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  • A back view of the house from the garden 

From the front entrance, the house looks like an Eng­lish cot­tage with brick out­er walls and sprawl­ing foliage. Accord­ing to an early pub­lic­a­tion, the 1920s home was con­sidered one of the best con­struc­ted of its time. The tra­di­tion­al house is extremely sol­id, incor­por­at­ing mahogany beams and brick — it was built to last.

Vivi­enne Brown bought the house in its ori­gin­al state almost 25 years ago, and has since giv­en the prop­erty a con­sid­er­able makeover. Keep­ing the essen­tial nature of the tra­di­tion­al build­ing intact was an import­ant aspect to con­sider dur­ing the alter­a­tion pro­cess. One of the hid­den gems dis­covered while renov­at­ing was the rimu win­dow and door ledges, which were ori­gin­ally covered with paint. These were stripped down to reveal the highly prized wood underneath.

Vivi­enne and her ex-part­ner Paul Brown really wanted to cre­ate the sense of indoor/outdoor flow on the lower level of the house, so they decided the addi­tion of French doors would fit the space per­fectly. The doors lead out onto the back deck, which Brown built him­self, even lay­ing the brick­work by hand! Hav­ing young chil­dren when they first moved in, the couple decided to push out the dormers on the second level and cre­ate a third bed­room. Renov­at­ing the loft and adding win­dows to the roof trans­formed an unused space into the per­fect spare room for the kids as they got older. The old chim­ney also had an upgrade, as they opted for a mod­ern heat­ing sys­tem to warm the entire house, while still hav­ing the lux­ury of a burn­ing fire in the winter.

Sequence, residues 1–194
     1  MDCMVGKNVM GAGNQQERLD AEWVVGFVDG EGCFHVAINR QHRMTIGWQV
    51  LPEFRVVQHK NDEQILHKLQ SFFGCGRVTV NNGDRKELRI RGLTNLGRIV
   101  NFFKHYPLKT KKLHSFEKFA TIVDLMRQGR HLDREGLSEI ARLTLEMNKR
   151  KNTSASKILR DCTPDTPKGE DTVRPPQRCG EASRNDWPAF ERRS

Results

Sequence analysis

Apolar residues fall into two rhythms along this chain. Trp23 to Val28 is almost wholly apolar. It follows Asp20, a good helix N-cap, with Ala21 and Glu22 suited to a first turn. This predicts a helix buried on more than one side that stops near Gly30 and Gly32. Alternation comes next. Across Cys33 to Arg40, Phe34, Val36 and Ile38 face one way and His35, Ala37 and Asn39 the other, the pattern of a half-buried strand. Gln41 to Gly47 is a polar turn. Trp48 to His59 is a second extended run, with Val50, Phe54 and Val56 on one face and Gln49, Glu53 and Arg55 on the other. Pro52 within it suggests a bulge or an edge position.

The intern­al decor of the home has a refresh­ing mix of per­son­al memen­toes, as many of the items have come from Brown’s years of travel. Shells from trop­ic­al islands, tra­di­tion­al loom-spun wall hangings from Lom­bok, opi­um pipes from China, woven fans from Fiji and jars of stones from the mouth of the Tuatapere River are dis­played taste­fully around the main room. Per­sian rugs and car­pet run­ners cov­er the floors and lead their way around the lower level and up the stair­case. The warm, dark tones of the interi­or are con­tras­ted with large white orch­ids and white and green bou­quets. And as you wander into the kit­chen, there is a won­der­fully rus­tic fla­vour. Brown’s part­ner tiled the kit­chen and walk-in pantry with square white tiles, while cer­eals and ingredi­ents are stored in large glass jars above the stove.

When Brown ori­gin­ally pur­chased the house, it was on a 1‑acre plot situ­ated in the middle of a large pad­dock. After sev­er­al years she decided to sub­divide the prop­erty, while still leav­ing her and her part­ner a con­sid­er­able area in which to mas­ter their land­scap­ing skills. The back garden is now home to an abund­ance of New Zea­l­and nat­ive trees, includ­ing hebes, cab­bage trees and tarata. Per­fectly posi­tioned cherry trees provide shade over the out­door din­ing table dur­ing a hot Wel­ling­ton after­noon, while freshly grown cherry toma­toes are only an arm’s length away when the couple are in need of cheeky snack. With the sprawl­ing back­yard and out­door bar­be­cue, the space is per­fect for enter­tain­ing. “It’s a great house for a party!” Brown explains, reflect­ing on the many won­der­ful memor­ies her fam­ily have shared in their grand Eng­lish cottage.

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